Jake Finch credits Timtex for inspiring some of her favorite projects. “I would never have been able to come up with my Cover Art book covers without Timtex.”

New Formula Guarantees Uniform Thickness

The new Timtex is 100% polyester, which guarantees consistent thickness throughout every bolt. The old formula’s polyester/rayon blend produced considerable variations in thickness.

Timtex Joins Complete Line-up of Craft Interfacings

Timtex extends the interfacing choices available to crafters through C&T’s existing line of fast2fuse Double-Sided Stiff Interfacings. All fast2fuse products have fusible web on both sides, while Timtex is designed to be sewed.

So spread the good news, Timtex is back!

Nora Goes to Novi


This weekend Nora had barley landed in New York before she had to pick up and fly to Novi Michigan for the American Sewing Expo. There she met up with our friends Nancy and Lynn from Coats & Clark. She also ran into our friends Rob and Corrine from ThreadBanger, along with a couple of their fans Kearsten Hall and Zachary Hutchinson. ThreadBanger, along with Janome, created a very cool “Re-Construction Zone” where people were invited to upcycle old, worn out jeans into new usable objects. Great idea guys! It was a lot of fun and we are looking forward to next year.



Procrastination-the act of procrastinating; putting off or delaying or deferring an action to a later time

I’m procrastinating over my jacket. The muslin hangs almost finished on my dressform in my sewing room taunting me every time I walk in there. It makes me feel guilty for not finishing it. I want to finish it and have good intentions of sitting down at my machine to finish it but other projects creep their way in. Oh yes, a fine example of procrastination if I do say so myself. These projects include the Sophia pattern, having three little girls to dress makes this pattern perfect for me! I made up the top for little Esme this week using some fabric from my stash. It took me about an hour from start to finish with a little hand sewing to secure the binding around the neckline. Instead of doing a baby hem on the sleeves I used the rolled hem setting on my overlocker. Esme was very pleased with her new top so my girls and I made a trip to the fabric store to purchase more summery fabrics. Pink was the colour of the day, well it’s the colour of everyday around here, what is it with little girls and the colour pink.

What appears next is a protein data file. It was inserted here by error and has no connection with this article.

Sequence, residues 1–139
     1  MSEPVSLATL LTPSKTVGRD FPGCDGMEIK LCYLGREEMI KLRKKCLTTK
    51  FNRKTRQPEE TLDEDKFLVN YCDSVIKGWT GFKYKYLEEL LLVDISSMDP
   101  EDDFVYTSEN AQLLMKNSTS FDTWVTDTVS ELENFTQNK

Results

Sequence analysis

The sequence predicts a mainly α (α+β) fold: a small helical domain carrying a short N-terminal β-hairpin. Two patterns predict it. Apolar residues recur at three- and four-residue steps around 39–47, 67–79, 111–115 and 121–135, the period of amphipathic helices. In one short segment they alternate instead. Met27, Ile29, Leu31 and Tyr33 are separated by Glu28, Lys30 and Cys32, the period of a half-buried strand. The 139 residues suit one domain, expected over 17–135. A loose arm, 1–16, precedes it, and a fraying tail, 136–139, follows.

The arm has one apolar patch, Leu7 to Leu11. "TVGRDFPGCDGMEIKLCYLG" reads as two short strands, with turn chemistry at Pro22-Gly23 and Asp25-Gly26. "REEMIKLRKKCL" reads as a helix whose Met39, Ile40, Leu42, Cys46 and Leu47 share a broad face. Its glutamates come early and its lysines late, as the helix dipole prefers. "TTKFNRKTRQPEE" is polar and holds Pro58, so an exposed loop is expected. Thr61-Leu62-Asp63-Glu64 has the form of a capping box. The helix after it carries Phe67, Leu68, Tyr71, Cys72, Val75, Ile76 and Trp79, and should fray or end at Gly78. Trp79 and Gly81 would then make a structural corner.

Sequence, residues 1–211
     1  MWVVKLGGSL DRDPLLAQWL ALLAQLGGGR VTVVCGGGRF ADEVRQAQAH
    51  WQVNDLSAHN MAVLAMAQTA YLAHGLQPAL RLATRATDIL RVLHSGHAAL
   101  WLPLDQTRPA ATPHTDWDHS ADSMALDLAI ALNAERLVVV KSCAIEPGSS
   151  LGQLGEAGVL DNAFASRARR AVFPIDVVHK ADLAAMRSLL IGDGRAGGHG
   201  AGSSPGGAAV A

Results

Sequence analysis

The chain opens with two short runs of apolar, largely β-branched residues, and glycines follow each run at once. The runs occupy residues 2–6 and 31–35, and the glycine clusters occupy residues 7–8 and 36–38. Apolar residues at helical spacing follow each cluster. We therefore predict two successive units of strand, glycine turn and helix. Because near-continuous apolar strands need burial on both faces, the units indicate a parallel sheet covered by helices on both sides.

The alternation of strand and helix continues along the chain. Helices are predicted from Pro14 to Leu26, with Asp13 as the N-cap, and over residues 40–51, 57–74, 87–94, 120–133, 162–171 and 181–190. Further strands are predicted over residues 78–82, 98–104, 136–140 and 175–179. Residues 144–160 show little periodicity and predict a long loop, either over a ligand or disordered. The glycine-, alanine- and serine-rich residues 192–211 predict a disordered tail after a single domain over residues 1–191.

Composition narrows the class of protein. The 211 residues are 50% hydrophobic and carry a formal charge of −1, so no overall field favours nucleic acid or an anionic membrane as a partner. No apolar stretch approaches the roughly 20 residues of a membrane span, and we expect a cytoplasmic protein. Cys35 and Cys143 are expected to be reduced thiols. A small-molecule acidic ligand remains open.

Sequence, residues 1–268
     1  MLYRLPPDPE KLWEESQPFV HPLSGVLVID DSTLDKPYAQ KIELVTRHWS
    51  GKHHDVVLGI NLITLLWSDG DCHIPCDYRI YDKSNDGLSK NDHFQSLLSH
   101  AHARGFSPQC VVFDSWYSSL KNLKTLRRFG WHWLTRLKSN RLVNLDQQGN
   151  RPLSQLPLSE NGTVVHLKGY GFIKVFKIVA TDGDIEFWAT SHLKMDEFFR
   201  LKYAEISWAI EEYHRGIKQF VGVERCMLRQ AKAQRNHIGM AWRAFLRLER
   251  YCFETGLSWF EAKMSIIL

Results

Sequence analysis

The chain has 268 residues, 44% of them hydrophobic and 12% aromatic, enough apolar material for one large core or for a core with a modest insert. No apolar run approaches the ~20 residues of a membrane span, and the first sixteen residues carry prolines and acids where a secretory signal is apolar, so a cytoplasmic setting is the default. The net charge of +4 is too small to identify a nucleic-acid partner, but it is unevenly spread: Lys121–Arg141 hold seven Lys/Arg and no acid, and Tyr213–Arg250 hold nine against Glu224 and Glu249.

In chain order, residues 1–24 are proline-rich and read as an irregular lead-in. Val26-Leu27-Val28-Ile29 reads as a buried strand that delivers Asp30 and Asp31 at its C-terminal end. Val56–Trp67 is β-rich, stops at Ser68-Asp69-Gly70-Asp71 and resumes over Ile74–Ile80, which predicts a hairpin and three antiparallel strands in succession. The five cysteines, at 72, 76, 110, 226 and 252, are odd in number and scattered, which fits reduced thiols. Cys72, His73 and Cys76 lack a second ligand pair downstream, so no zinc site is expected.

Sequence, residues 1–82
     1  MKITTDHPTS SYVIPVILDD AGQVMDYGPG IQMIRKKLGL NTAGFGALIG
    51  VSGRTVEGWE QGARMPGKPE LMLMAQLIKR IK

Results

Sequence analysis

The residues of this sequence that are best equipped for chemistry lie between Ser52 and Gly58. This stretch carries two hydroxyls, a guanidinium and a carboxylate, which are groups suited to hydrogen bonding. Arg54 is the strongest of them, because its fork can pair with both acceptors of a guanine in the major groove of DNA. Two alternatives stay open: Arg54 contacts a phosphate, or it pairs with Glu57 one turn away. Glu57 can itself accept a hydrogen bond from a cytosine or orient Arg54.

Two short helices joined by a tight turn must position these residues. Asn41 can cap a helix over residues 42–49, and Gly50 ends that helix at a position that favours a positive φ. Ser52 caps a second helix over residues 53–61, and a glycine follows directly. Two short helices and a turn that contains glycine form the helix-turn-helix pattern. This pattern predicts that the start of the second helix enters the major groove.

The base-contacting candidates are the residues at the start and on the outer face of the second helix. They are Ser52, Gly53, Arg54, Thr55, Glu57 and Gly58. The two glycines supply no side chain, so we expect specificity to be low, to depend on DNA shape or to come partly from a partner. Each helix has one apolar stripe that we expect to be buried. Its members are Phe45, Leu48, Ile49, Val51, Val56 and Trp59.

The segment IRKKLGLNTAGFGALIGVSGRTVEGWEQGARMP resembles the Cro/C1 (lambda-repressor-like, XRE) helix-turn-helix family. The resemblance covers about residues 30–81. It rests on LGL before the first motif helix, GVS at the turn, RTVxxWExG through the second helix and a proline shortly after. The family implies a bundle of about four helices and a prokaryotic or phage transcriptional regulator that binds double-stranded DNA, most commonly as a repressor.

Other projects I’m working on are the Kasia skirt. I’ve seen so many of these here on BurdaStyle and each one is fabulous. I have a silly amount of denim and have particularly loved the denim versions of this pattern so I’m jumping on the bandwagon. It’s all cut out and the edges have been overlocked, I just need to sew it together. As well as fabric to make heaps of clothes for my girls I also bought fabric to make myself theAlison swimsuit, large black and white polka dots. It’s warming up here in Australia and I plan on spending some time at the pool and the beach with the girls. My body has been wrapped up against the cold all winter so a little work will be needed before I feel brave enough to wear it.

I have started a new sewalong in the forum. It was a close competition between workout wear and the Laura dress but the dress came out on top. Head on over to the new thread in the forum to take part. This sewalong will last for four weeks starting today. I personally won’t be taking part in this sewalong but I should be working on my jacket from the last sewalong. I need a good swift kick up the rear end to get my jacket made before it’s too warm to wear, anyone want to offer their boot? Maybe if enough of you do I’ll have something to show you next week.

Starting a clothing company? Already Produce Apparel?


I can’t provide a better introduction to this blog, so I will let them do it:

“Starting a clothing line? Are you a designer or manufacturer of apparel or sewn products and want to run your company better? If so, you’ve come to the ”“>right place. Rub elbows with clothing industry professionals including manufacturers, sales reps, buyers, factors, sewing contractors, suppliers, pattern makers and designers. With over 1400 pages of content, you’re sure to find advice you can use today.”

This blog is full of helpful tips and connections for everyone in the sewing industry. Kathleen f writes this great blog and is also the author of The Entrepreneur’s Guide to Sewn Product Manufacturing check out her blog and her book and you will gain a wealth of information.

Vote Now for your Favorite Malissa Variation


Vote for your favorite variation! Voting will be open for one week, closing October 2nd. What are you waiting for, get voting!

What is Modern Dress?


What is modern dress?

Are jeans more modern than a Bavarian Dirndl? What is modern dress? Does it depend on age? but blue jeans are about as old as the dirndl’s rise to fame (see my previous blog). Are clothes worn in New York, Paris and London more modern than others? Does it depend on who wears them? That is what I have been asking myself since reading various comments on previous blogs.